Property tax is a main source of income for local governments and school districts. Property tax assessment is both the process for determining your property's value for tax purposes, and the amount of tax you owe. Find out the answers to common questions about property tax and understand your bill.
- How do I qualify for a homestead exemption and what is it for?
- I disagree with the assessment on my property. What can I do?
- My assessment increased a lot this past year. Why?
- My assessment is more than what my property is worth. Why?
- The assessed value of my home didn't change, but my taxes went up. Why?
- What property is subject to property taxes?
Q: How do I qualify for a homestead exemption and what is it for?
- A:Homestead exemptions exclude some of the value of property from taxation and are controlled by state law. Contact your county assessor or appraiser for the requirements in your area and how to apply.You may qualify for other exemptions, such as those given based on age, disability or status as a widow or widower.
Q: I disagree with the assessment on my property. What can I do?
- A:Your tax assessment likely contains directions for an appeal. Read your bill or assessment carefully, and watch for the time limits for challenging your assessment.
Normally you must request a hearing before the body that does assessments, such as a review board. At the hearing you must provide evidence showing why the assessment is incorrect. There viewing body makes a decision on the assessment based on your evidence. Under state law, you may have the right to an appeal before the governing agency, or to your state's courts.
Before you file an appeal, it's a good idea to start with a call to your assessor's or appraiser's office. Often talking with the assessor can solve your problem, or you'll at least get a better understanding of your assessment as you prepare your appeal. Your state may have also have mediation provisions for assessment appeals.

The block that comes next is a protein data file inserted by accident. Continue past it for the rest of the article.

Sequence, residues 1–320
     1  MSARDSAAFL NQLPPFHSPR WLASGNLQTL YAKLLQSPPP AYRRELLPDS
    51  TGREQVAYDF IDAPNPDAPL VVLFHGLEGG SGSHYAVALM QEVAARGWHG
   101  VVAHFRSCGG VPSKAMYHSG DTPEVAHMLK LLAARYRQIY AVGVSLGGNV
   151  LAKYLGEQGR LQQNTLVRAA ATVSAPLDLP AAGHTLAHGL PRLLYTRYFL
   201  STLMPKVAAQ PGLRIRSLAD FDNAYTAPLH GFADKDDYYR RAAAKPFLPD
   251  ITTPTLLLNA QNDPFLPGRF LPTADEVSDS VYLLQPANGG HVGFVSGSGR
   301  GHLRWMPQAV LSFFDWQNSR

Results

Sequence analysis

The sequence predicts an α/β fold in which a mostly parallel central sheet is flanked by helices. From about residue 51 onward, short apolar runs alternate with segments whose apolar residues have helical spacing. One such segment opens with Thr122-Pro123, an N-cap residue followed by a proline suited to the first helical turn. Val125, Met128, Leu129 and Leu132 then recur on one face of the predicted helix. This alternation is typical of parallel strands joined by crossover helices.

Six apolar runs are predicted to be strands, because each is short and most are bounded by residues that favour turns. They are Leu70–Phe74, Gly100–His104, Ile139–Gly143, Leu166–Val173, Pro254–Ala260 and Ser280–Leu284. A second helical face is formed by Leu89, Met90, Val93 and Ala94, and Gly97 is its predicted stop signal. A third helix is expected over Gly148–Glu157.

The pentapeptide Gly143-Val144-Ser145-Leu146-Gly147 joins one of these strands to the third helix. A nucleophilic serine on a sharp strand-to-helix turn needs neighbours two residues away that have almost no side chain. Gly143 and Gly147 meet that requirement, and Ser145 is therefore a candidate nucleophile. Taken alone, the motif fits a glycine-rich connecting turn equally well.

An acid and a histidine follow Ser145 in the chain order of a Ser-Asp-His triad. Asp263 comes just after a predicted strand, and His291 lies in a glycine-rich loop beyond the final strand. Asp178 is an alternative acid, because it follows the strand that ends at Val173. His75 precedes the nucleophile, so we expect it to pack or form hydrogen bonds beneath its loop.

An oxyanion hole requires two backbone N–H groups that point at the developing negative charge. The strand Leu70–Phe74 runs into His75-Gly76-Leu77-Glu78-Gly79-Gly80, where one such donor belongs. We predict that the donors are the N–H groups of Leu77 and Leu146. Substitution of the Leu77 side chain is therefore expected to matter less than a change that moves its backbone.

Q: My assessment increased a lot this past year. Why?
- A:It's possible that prior year assessments weren't accurate because of few sales in the area. If so, your assessment now reflects several years of increases in property value.Changes in tax rates may have taken effect,for example,maybe a referendum for school funding passed, and the increase is now seen in your assessment.
Q: My assessment is more than what my property is worth. Why?
- A:You may not be up on market values, or it's possible your assessment doesn't reflect today's market values. If you bought your home some years ago, you might not have an accurate picture of market value. The reverse is true as well; the current year's assessment may be based on average property values over two or three recent years. For example, a 2010 tax bill might be based on property values from 2007-2009. If values drop, it may take time for the property tax assessments to catch up.
Check your tax bill or contact your assessor's office for details on how assessments are made.
Q: The assessed value of my home didn't change, but my taxes went up. Why?
- A:Check the specific taxes assessed against your property. It's possible that a taxing authority increased the level of their tax against your property. In a down market, property values may be down, so a taxing body, such as your city, school district or library, responds by taxing property at a higher rate to generate the desired amount of income.
Q: What property is subject to property taxes?
- A:This depends entirely on state law. Commonly, real property is taxed. Personal property may or may not be taxed.